Beside the road, I sit and wait, looking east to the purple sky just before dawn. The balmy, moonless night wanes and… there! I see Sirius, the Dog Star, lustrous and rising. With my iron tool in my left hand, I dig awkwardly and chant:
“All-heal, thou holy herb, Vervain
Growing from the ground
Blessed is that place
Whereon thou art found.”
Giggles grow behind me, soft and sugary, mingled with the pit and pat of tip-toes. Rose petal fingers cup over my eyes. “I’m all well, thanks to thee!” whispers to my ear.
Turning, I clutch the small hands, Sarah’s hands. I feel, searching her forehead, neck and arms. Fever is gone… so, too, the ghastly rash. “Yes, thou art well!” I say as I feel blessed for the knowledge of healing given to me from my mother, and she from hers before that.
“This basket of eggs and grain art for thee, in heavy thanks.” Tears of joy trickle down Sarah’s mother’s cheeks. “Please come to our home this day for a meal in rejoicing.”
“I thank thee; but I cannot, as I shall visit the Archbishop of Saint Andrews on this day.”
“I hear he ails awfully, near death,” she says, her head shaking.
“Alive, he ails no more!” I wink. “Busy have I been.”
I stand behind the Archbishop’s House and face the much acquainted door… tall and locked. Always closed, keeping ‘us’ from ‘them,’ the followers of Christ who chose to turn away from The Earth Goddess who loves them still. “Tush, tush,” I chide myself. I knock lightly against the thick oak. Once, twice, thrice, and again, in even sequence, as instructed times before when summoned to this threshold. Although today the house appears all the more cordial with the sun in the sky, rather than the moon. Whilst I wait, I remember my first visit to this place. I was hurriedly summoned in the dark of night through hushed whispers. Poor soul, His Lordship, lying stricken, dreadfully ill and fevered. Bled so repeatedly by his esteemed physician, he had been robbed of his life blood almost beyond hope. Nothing but a wraith he was. ‘I beg of thee, healer Peirsoun, save me from the clutch of death, for I feel and fear its hand,’ he had cried, with eyes so large in their sockets and hands holding on, so desperately, to my old clothing. ‘No need for talk of death,’ I had said, like to a child. ‘Thou wilt be well again once my tinctures and suchlike have done their work.’
Click clank of the lock, the door opens now with hesitation. I am whisked in with a hurried hand. Mister McPhee, His Lordship’s assistant, doth not smile, and the housekeeper flits about with frantic hands and downcasteyes. “Is something the matter?” I ask, “You look as you did upon on my first visit here!” Both look to the stairs.
“My Lord!” I exclaim, “Such a treasure to see thee on legs and feet!”
With wide eyes, he says, “’Tis daylight, and thou were not summoned! Hath anyone seen thee at my door?”
“I do not think so,” I answer him, bewildered by his tone.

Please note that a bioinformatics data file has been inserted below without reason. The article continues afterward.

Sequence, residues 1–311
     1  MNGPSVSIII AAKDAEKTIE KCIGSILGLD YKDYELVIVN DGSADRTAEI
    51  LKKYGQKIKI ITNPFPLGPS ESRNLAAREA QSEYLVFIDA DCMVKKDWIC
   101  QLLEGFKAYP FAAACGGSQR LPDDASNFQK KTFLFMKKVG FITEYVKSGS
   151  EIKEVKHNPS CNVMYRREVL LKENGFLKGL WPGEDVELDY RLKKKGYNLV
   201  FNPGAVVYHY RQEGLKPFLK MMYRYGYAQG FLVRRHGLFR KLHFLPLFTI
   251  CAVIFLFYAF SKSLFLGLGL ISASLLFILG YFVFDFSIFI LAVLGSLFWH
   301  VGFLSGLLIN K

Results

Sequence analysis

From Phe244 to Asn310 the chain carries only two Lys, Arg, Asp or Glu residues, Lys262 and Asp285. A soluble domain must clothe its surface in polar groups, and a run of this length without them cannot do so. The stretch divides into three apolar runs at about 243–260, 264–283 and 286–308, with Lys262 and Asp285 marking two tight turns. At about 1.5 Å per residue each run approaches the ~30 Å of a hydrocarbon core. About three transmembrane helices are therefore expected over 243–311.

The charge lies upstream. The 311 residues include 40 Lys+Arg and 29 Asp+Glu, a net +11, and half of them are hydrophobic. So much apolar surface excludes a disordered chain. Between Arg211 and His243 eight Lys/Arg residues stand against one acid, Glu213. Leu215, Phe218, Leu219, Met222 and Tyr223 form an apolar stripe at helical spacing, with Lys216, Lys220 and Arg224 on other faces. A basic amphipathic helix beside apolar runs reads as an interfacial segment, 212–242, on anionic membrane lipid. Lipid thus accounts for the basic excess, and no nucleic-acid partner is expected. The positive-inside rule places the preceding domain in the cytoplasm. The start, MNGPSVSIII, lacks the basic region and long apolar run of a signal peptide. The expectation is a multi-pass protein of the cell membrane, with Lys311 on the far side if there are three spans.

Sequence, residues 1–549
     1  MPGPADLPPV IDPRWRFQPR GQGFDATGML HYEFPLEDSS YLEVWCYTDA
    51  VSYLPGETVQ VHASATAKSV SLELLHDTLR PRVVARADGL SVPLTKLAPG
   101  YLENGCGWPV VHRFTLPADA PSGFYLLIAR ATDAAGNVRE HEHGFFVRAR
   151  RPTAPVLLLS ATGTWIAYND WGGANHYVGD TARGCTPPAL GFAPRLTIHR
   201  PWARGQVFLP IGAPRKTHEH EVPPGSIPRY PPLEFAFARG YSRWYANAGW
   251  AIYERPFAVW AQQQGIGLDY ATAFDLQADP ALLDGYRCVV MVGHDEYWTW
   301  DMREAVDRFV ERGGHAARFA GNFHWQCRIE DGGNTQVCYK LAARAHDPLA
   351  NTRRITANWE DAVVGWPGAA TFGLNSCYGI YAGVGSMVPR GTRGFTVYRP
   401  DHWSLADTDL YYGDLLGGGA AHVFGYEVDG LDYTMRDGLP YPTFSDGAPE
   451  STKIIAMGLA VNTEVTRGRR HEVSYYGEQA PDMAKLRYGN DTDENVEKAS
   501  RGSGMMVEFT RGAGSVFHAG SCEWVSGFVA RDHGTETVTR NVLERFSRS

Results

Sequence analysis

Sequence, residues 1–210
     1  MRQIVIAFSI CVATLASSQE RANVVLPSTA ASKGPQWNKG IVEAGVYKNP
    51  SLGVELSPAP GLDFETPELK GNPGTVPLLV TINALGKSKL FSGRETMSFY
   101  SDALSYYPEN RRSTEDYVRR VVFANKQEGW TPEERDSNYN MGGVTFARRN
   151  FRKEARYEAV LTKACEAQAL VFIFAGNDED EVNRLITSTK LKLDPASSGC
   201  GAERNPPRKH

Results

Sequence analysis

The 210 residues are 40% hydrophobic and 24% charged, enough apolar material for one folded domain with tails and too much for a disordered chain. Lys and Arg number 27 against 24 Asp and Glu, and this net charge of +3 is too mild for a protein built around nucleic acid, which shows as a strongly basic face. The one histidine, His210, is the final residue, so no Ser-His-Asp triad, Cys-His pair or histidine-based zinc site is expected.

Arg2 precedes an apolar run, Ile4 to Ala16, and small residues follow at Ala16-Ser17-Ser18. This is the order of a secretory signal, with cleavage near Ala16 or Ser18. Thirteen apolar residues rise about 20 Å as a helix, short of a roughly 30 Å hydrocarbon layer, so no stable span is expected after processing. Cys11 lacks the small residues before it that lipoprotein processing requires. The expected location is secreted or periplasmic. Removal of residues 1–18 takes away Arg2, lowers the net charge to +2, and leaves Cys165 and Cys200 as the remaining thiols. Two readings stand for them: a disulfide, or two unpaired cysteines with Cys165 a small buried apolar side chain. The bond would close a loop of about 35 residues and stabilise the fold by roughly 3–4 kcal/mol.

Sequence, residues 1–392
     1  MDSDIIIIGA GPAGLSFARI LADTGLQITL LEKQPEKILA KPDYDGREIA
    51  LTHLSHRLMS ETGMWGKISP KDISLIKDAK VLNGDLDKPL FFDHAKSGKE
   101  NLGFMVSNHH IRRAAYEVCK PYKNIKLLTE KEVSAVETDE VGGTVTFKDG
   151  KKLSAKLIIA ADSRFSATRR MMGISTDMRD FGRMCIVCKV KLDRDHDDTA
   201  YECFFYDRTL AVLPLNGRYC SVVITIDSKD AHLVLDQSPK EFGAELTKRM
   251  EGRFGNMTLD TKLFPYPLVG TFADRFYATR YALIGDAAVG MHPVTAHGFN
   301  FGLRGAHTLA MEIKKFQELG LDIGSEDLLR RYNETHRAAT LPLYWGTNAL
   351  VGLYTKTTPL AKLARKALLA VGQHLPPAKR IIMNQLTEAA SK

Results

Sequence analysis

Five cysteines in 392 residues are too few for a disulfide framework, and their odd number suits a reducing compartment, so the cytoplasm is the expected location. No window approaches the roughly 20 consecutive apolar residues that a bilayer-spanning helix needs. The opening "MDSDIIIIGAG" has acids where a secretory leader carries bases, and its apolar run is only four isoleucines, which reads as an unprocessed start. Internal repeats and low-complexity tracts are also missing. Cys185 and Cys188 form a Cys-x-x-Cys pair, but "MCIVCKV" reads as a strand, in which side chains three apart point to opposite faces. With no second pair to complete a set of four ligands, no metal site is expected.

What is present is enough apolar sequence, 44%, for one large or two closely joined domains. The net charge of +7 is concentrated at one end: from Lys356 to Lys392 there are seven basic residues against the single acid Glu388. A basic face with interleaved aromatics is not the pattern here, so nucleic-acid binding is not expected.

“What brings thee, Alison Peirsoun?” he demands, in clear annoyance.
“Why My Lord, the successful treatments for thee have greatly depleted my seed and rootstock, some of which I must order from the Americas. Now that thou art healed, I have come for payment.”
The Archbishop’s brows constrict. His hands turn to fists, whitening the knuckles of them, and his mouth seethes. “Alison Peirsoun of Byrehill, thou hast made grave error in returning to this place… Graver still that thou ask anything of me!”
Cold water on my naked body wakes me, once again, after my fainting from the pain. My body hath suffered the unthinkable. Stick, tied into my hair and twisted, leaves skin torn from my skull. Thumbscrews leave my toes and fingertips crushed. Blood sprays on my tormentors. Boots of wood and iron encase my legs, knee to ankle.
Wooden wedges have been mercilessly hammered down, crushing my legs as small as might be, ‘til the marrow of my bones doth flow. I will not be needing my legs anon, for I am not long for this world. I pray to leave this torture, to return to Mother Earth. And so, I confess that which hath been fed to me with forked spoon:
“I, Alison Peirsoun, confess I have made a pact with the devil, doing so at the age of twelve summers when thoughts of loneliness were within me. The Devil, Master Persin, first appeared to me as a black man who climbed down from a tree. He pushed me down and had intercourse with me. His penis, of such largeness, was cold as ice. After this, he said to me, ‘Thou art mine. Have no regret.’ His honeyed words to me included promise of the power to heal as well as to harm, if I should serve him. ‘Thou shalt give me thy body and soul,’ he said. He then scratched me on my back, leaving his mark, as thou hast seen already. I renounced Christ and pledged myself to Master Persin. I did so willingly.”
Alison Peirsoun of Byrehill, Healer
Found guilty of witchcraft and burned at the stake
Story written by Tori Jones
copywrite 2004 Tori Jones